4 Answers | Add Yours
Scientists have always studied trees to learn about the changes in geography, but nowadays they are looking at the rings in the tree to determine something else. They are examining the width of the rings so they can make an estimate about the temperature patterns. If they see large rings, they know that the tree grew more in one season which means summer temperatures were higher than usual. They are also analyzing carbon and oxygen isotopes. They take a sample of the tree ring and then measure the isotope levels, which also yields data on weather patterns in the past.
Yes, it could be helpful to study tree rings, because they are giving us pieces of info about not only the past climate , but also the changes happened throughout ages. This kind of information is given by the carbon and oxygen isotopes found in tree rings.
It's important to take the study but to pay attention to the factors that are influencing the size of trees analyzed. For example, boreal forest has small size trees, but incredibly old. So a diameter of maximum 20cm could mean that the tree is about 400 years. But not only the location of the forest is an important growth factor, also the place occupied by the tree within the forest is important , too, because, in the same area, substances (water, nutrients) essential for growth and life of the tree, may vary.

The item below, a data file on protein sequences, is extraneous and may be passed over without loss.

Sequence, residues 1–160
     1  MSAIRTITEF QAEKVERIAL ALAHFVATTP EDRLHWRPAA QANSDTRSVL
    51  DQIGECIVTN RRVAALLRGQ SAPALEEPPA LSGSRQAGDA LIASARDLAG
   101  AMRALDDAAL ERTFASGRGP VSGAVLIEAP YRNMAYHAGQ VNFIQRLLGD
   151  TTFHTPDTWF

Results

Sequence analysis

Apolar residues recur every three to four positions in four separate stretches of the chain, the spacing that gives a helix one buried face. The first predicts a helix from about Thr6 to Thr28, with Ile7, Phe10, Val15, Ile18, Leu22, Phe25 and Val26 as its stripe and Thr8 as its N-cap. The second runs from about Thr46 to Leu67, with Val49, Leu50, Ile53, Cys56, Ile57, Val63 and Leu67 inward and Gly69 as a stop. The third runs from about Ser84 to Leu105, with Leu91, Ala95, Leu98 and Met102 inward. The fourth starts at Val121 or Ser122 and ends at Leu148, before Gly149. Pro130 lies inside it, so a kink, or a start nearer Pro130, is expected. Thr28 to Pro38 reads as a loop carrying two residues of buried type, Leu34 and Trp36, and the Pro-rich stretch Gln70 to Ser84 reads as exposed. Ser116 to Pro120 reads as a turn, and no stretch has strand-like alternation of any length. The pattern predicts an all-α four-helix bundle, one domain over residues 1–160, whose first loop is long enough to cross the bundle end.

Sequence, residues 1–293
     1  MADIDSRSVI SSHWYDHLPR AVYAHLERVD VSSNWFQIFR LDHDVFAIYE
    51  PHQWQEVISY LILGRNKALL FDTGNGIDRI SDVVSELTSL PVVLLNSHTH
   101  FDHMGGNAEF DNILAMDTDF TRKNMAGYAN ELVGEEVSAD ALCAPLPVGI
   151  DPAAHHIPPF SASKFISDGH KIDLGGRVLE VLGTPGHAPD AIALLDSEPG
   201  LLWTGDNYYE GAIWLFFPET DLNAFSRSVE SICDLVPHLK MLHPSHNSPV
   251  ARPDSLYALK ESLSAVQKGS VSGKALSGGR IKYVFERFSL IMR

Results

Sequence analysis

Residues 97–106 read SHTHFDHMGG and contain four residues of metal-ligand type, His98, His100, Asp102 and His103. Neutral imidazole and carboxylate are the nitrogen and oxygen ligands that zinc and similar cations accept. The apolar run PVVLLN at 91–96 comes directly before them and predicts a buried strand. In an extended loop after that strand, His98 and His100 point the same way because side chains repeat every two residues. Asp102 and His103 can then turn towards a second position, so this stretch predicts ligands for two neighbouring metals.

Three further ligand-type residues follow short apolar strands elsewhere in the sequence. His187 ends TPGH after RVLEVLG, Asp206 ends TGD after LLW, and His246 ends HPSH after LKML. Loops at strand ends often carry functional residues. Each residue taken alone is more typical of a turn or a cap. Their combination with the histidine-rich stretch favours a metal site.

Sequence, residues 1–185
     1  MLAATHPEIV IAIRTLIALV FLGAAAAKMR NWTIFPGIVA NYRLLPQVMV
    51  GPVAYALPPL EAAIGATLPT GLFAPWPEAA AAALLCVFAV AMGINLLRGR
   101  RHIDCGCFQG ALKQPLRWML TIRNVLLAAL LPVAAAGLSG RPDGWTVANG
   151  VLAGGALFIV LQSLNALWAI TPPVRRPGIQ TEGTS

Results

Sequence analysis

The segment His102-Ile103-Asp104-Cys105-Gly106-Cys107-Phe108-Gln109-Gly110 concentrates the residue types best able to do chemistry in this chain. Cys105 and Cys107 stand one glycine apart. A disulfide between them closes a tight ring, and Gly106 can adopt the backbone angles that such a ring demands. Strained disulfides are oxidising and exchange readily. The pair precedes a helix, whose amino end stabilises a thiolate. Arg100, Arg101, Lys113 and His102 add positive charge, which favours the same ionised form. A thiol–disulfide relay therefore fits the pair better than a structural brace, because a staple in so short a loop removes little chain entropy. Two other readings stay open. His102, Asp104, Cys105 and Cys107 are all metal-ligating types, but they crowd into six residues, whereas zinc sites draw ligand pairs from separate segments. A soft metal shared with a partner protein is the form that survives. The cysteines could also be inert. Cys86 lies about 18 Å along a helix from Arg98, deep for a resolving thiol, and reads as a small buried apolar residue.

The study of trees provides a lot of answers about the past. As trees grow the trunk of the tree develops a circular pattern created by the sap of the tree. The inner rings eventually are surrounded by outer rings as the process continues. In years when weather conditions are dry the rings show less growth between rings. In seasons when the climate is moist the rings are often thicker. Other conditions of the rings such as the color and thickness of the ring can demonstrate the response to extreme cold or warmth. For example during a warm climate a tree ring is thicker. Thinner rings indicate a cold snap. By observing the pattern of the rings scientists are able to obtain information about the climate changes that surrounded the tree during its growth.
We’ve answered 317,665 questions. We can answer yours, too.Ask a question